Homes with no security measures in place are five times more likely to be burgled than those with simple security measures. Good window locks strong deadlocks and high security cylinder locks can make a big difference.
Many burglaries are committed by opportunist thieves, the most recent burglary I attended was possible because although the window was closed the handle had not been pulled down and the keys for the house and car were in reach of the insecure window.
An open window or unlocked door is the only invitation a thief needs and in a couple of minutes they can be walking off with your valuable possessions, even the keys to your car. Burglars will always pick the easiest target with the best chance of getting away undetected. There is however simple measures you can take to greatly reduce being the next victim of crime.
One thing that I always tell my customers is that a lock is only as good as the door it is fitted to. External wooden doors should be at least 1 inch thick and solid, try to avoid having a panelled door or one with single glazed glass. Soft and rotten door frames need to be replaced and all locking devices should be attached with screws of a suitable length. Also ensure that locks are to British Standard and Secured by Design, 5 lever mortise on wooden doors and anti-snap 3 star cylinders on uPVC doors, this will ensure that your locks are able to withstand common attack methods and not be compromised by the elements, this is also a requirement of insurance companies.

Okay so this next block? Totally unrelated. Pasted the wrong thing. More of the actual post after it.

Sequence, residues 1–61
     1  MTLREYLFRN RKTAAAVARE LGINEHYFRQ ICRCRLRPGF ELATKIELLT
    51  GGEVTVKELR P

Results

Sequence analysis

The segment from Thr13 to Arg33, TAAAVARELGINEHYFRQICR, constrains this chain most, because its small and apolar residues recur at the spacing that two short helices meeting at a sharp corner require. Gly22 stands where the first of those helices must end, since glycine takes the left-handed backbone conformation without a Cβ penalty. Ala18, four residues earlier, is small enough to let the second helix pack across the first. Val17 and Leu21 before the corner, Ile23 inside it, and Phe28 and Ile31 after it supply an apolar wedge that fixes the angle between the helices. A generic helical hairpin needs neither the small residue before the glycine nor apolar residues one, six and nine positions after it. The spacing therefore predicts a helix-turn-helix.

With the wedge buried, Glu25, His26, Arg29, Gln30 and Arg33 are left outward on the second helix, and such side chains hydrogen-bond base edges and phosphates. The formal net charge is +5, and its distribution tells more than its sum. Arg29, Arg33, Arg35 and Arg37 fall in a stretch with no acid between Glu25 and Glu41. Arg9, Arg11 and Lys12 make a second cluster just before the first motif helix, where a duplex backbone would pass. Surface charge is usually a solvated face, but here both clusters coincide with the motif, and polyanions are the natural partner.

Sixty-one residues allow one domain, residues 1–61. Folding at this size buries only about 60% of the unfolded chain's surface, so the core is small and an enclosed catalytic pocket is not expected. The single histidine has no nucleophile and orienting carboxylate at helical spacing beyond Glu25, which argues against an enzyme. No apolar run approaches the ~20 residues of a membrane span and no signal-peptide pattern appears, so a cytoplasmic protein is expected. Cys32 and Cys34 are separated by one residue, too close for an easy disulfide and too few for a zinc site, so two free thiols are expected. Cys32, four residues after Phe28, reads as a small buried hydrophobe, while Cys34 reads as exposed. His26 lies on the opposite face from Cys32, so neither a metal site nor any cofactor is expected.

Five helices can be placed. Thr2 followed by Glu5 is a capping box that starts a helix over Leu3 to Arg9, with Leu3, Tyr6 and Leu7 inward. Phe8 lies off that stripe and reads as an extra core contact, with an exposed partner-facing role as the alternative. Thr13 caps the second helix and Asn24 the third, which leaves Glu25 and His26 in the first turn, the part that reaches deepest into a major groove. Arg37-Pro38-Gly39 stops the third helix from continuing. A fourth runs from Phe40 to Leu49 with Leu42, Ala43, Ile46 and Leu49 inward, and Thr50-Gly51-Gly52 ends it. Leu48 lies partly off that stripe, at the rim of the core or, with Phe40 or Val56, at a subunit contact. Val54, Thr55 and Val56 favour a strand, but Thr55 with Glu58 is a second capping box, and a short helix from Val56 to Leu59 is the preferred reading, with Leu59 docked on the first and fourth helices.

One of the most vulnerable points of access is patio doors as they can easily be removed from their tracks. Additional security bolts can be fitted at minimal cost. An even more cost effective security measure is to place something like a cut down broom handle on the sliding tracks, reaching from the edge of the frame to the back end of the door, this will prevent the door from been forced open from the outside.
Apart from having adequate locking points careful consideration should be given to the outside of your property. Avoid having over grown hedges or other plants around windows and doors as these provide perfect hiding places for thieves. Also ensure that sheds and other out buildings are locked and any tools and ladders aren’t on show. Security lighting also proves an excellent deterrent.
Taking just a few steps can make a big difference in keeping your home safe from burglary.
Here are a few tips:
- Lock your doors and windows every time you leave the house, even when you’re just out in the garden, remembering to double-lock UPVC doors (lift handle and turn key)
- Hide all keys, including car keys, out of sight and away from the letterbox (remember a device could be used to hook keys through the letterbox)
- Install a visual burglar alarm (as part of a suite of prevention measures – a burglar alarm on its own will not prevent entry to your home)
- Install good outside lighting
- Get a trusted neighbour to keep an eye on your property
- Leave radios or lights in your house on a timer to make the property appear occupied
- Make sure the fences around your garden are in good condition
- Secure bikes at home by locking them to an immoveable object inside a locked shed or garage
- Keep ladders and tools stored away; don’t leave them outside where they could be used to break into your home
- Ensure side gates are locked to prevent access to the rear of the property
- Ensure rear fencing is in good repair
Improve natural surveillance at the front of your property i.e. trim high hedges
- Mark your property with postcode and house number and register your property for free with Immobilise (opens in a new window)
- Consider joining or forming a Neighbourhood Watch scheme.
- Remove valuables from view of ground floor windows